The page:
In the 19th and early 20th centuries, the Shirley Shaker community was visited several times by Boston Globe reporters, who wrote lengthy articles describing their day trips to the picturesque village.
In July 1876, for instance, a reporter met a woman who had left her husband and children in Vermont to devote herself to a life of celibacy with the Shakers, because, she said, “I believe as they do.”
In August 1896, a Globe reporter visited the tombstones in the village cemetery. The writer noted that many of the Shaker “brothers” and “sisters” lived to be 80 or older.
The Shakers also, apparently, knew how to have fun. A short note in the Globe from Christmas Eve 1879 reported that several trustees from the Shirley Shaker village were facing charges for the “brewing and distilling of applejack in violation of US revenue law.”
While the restoration of the four abandoned buildings is on hold, the Shirley Historical Society is spending some of its grant money on the other seven Shaker buildings, which are currently in use or had been used by the prison in the last 10 years.
Three minimum-security prisoners have been hired to paint and clean these buildings at $1 a day, Wiffin said.
The restored buildings will house offices, a “stress unit” for prison employees who are dealing with stress on the job, and possibly a visitors center focusing on Shirley Shaker history.
The center would include a map of the village, as well as photographs of what it used to look like. But it will not be a full-time museum, Marcinkewicz said, because the society cannot afford to hire someone to keep the center open all week.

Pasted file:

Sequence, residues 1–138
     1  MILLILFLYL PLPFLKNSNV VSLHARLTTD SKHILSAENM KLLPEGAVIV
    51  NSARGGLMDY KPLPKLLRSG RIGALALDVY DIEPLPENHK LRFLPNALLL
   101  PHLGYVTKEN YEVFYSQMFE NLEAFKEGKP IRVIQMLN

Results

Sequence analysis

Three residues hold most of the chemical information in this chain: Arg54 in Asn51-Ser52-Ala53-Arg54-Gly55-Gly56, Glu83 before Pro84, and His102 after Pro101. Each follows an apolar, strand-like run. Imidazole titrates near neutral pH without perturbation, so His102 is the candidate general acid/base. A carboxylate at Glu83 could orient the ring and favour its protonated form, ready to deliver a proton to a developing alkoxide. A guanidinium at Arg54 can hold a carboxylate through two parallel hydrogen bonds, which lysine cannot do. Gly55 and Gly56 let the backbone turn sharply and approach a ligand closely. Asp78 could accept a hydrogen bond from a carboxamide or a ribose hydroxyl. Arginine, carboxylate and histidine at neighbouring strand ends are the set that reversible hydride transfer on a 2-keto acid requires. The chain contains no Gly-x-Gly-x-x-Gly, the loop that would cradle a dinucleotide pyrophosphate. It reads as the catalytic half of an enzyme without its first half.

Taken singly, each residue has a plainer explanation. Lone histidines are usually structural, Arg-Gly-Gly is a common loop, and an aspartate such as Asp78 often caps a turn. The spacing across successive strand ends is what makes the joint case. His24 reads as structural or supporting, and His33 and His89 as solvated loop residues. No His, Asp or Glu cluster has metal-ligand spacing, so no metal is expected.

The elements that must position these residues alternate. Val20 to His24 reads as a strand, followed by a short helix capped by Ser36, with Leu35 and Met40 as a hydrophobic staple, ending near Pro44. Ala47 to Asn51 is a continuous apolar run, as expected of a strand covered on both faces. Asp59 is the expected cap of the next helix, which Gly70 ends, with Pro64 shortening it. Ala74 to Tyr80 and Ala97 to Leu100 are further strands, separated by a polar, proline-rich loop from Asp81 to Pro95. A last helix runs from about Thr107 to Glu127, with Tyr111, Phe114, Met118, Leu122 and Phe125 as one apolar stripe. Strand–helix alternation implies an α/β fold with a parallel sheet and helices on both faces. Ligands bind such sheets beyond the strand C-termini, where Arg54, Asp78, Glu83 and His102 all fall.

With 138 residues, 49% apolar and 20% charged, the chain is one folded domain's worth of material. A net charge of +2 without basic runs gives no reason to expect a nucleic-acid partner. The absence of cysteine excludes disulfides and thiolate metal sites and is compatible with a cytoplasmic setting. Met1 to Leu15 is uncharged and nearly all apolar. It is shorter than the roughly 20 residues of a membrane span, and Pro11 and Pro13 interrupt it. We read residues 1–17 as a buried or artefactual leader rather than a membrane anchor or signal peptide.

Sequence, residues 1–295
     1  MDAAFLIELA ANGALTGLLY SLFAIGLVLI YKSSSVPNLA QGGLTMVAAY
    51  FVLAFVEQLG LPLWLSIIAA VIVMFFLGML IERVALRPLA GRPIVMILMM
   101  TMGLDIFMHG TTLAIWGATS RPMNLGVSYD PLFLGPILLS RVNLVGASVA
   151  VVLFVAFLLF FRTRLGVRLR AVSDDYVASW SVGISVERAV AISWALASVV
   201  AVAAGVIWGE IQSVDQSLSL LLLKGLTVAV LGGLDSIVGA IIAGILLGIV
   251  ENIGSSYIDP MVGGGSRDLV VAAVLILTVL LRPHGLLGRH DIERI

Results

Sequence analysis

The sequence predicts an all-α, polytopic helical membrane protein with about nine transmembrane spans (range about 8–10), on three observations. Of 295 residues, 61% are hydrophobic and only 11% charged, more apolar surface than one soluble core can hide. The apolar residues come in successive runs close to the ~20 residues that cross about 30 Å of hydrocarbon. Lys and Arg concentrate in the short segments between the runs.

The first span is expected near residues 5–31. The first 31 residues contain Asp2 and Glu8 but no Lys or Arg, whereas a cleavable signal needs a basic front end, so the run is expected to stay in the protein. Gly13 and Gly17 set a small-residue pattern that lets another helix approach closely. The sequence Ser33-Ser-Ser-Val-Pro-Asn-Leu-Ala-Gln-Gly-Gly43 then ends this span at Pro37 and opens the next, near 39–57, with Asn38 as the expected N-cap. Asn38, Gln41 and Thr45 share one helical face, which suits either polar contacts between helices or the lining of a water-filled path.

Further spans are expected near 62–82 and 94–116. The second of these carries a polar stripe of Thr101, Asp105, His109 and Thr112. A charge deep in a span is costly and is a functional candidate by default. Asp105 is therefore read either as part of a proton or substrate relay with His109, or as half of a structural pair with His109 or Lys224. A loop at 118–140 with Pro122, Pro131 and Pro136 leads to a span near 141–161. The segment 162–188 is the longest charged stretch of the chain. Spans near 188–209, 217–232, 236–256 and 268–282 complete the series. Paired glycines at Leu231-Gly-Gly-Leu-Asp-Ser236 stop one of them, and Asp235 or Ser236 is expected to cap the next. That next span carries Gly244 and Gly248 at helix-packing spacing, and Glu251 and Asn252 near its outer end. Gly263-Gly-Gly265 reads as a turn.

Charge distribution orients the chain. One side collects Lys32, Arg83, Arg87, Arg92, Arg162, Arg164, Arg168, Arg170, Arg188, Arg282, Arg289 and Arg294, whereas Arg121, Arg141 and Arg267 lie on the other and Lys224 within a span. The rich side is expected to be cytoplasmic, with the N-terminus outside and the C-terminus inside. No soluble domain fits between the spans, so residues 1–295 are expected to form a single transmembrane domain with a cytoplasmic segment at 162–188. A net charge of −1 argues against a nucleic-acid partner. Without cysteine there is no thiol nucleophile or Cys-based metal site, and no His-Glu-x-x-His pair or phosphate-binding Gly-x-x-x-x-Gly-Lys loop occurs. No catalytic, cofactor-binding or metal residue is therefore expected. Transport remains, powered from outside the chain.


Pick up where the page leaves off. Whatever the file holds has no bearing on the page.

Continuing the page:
The restoration work will erase the history of the boys’ school and return the structures to their more-distant Shaker past.
Room partitions and trims added by the reform school, which Marcinkewicz termed “inappropriate modifications,” will be demolished.
Members of the only remaining Shaker village in the country, Sabbathday Lake in New Gloucester, Maine, did not return phone calls seeking comment on this story.
But Anthony Secondo, president of the Enfield Historical Society in Enfield, Conn., where a Shaker village was turned into a state prison, noted that Shakers were against capital punishment, did not have jail facilities in their villages, and “had no way of physically punishing somebody.”
Most likely, he said, “Shakers would dislike the idea of prisons going into their property.”